One Middleton, Massachusetts resident thought it was an earthquake. Others said it sounded like a sonic boom. When Mr. Charlie Veradt heard the explosion, he said "I knew right off the bat that it was down the street," referring to the Bostik Inc. chemical plant owned by the global giant, petrochemical firm TOTAL. Just before 8:00 pm on Sunday, March 13, part of the plant exploded.
"'...We were sitting having dinner and then all of the sudden we thought the house was caving in,' said Joyce Cucchiara, who lives near the explosion. 'It was just unbelievable.'"
The explosion sent four workers from the plant to the hospital. Because of serious damage to the plant, it was two weeks before all of the workers were called back to work.
"We consider it our responsibility to protect our employees, and employees of companies working with us, as well as communities near our sites and our customers, from the potential effects of our operations or products. For this reason, health and safety are our top priorities at all times."
Bostik insists that its business operates
These proclamations may look good on paper, but they don't jive with the dozens of safety violations identified by federal OSHA inspectors and the proposed $917,000 fine.
The Bostik plant uses a variety of chemicals to create reactions and form the adhesives they sell for commercial and residential applications. These reactions can be created safely, but only with a well-designed and diligently maintained system that is closely monitored along each step in the process. Deviations to the process have to be anticipated, analyzed for consequences, and planned for accordingly. According to the fire marshall, on March 13 a Class 1 (highly) flammable solvent was being added to a 4,000-gallon reaction vessel that contained polyester resin solution when the major explosion occurred.
OSHA's citations against Bostik describe 50 specific violations, including 9 classified as willful. Many of them indicate the firm's utter failure to comply with safety standards, especially those particularly designed for operations that use highly-hazardous chemicals. These standards have been on the books for decades. They are fundamental safeguards. It's hard to fathom how a company in the chemical processing business could get it so wrong.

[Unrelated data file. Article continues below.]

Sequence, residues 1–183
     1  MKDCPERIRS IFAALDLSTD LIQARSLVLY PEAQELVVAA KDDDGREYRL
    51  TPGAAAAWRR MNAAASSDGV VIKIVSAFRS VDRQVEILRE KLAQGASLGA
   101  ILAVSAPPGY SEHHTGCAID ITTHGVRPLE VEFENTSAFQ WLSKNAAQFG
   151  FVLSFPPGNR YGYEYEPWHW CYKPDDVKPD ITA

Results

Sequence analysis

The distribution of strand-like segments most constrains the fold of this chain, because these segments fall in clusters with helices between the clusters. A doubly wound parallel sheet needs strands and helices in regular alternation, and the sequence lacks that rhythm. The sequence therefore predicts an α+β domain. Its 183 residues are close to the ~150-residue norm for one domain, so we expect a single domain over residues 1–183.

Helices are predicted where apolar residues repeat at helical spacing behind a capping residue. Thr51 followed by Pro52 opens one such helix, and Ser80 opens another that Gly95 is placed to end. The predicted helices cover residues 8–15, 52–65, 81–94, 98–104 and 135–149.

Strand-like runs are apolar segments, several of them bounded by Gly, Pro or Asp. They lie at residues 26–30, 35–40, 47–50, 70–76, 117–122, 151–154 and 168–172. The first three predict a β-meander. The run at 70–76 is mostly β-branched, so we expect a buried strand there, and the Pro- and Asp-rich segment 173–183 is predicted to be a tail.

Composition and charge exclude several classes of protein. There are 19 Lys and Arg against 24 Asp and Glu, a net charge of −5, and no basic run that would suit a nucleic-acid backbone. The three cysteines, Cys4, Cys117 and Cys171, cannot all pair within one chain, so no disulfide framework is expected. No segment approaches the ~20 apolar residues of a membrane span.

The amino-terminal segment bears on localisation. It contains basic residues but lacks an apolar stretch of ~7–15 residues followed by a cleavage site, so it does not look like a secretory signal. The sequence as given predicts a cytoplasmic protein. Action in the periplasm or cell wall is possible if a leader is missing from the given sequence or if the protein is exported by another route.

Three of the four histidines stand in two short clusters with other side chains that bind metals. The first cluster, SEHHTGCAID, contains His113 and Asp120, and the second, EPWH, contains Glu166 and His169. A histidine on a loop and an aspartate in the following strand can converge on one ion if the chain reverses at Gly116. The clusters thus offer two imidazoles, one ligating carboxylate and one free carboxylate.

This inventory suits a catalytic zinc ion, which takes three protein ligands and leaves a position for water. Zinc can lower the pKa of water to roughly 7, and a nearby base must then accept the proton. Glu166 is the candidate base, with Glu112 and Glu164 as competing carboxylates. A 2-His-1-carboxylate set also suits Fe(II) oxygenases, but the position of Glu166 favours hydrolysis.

The litany of infractions----many of which could have contributed to a catastrophic event----suggest process safety management was not a priority at this plant. That point is further reinforced by OSHA's finding that Bostik managers were aware of serious safety problems and hazards at the plant but failed to correct them. The last time the Bostik plant in Middleton was inspected by federal OSHA was 2001. That won't surprise those of you who already know that there are 9 million workplaces in the U.S. and only a few thousand State and Federal safety inspectors. Our system relies on employers to voluntarily comply with the law, and only on rare occasions will OSHA inspectors visit a workplace----such as after a catastrophic event or the site appears on a targeting list for high-hazard worksites----to determine if the employer is in compliance with all relevant health and safety standards.
Given Bostik's grievous disregard for workplace safety regulations and knowing that it has seven other plants in the U.S., I hope that federal OSHA and the States that run their own OSHA programs are assessing the safety programs at these other sites. They are located in Temecula, CA; Calhoun, GA; Conyers, GA; Louisville, KY; Paulsboro, NJ; Warminster, PA; and Greenville, SC.
OSHA wasn't the only safety agency that found problems in the Middleton plant. The Massachusetts' State fire marshall found several violations including
storing more chemicals than licensed;
having an unpermitted, dust-producing "grinding operation"; and
failing to get a permit for the storage of flammable liquids.
The fire marshall also noted that the State has more modern building code standards, with requirements for explosion venting, properly designed ventilation of flammable vapors, and manual emergency alarms. These safety features were not required at the Bostik chemical plant or other existing facilities that did not make changes to how their building was used.
The websites of Bostik and its $125 Billion-valued parent company are loaded with catchy PR phrases:
"Thinking, feeling and acting in the best interest of our stakeholders"
"People are our most important resource"
"Our values are reflected in the quality and integrity of our relationships
"Foster an overall culture of integrity, responsibility, caring and collaboration"
A firm that takes these words to heart would upgrade all of its plants beyond the bare minimum building codes, and implement a safety management system that identifies hazards promptly and corrects them.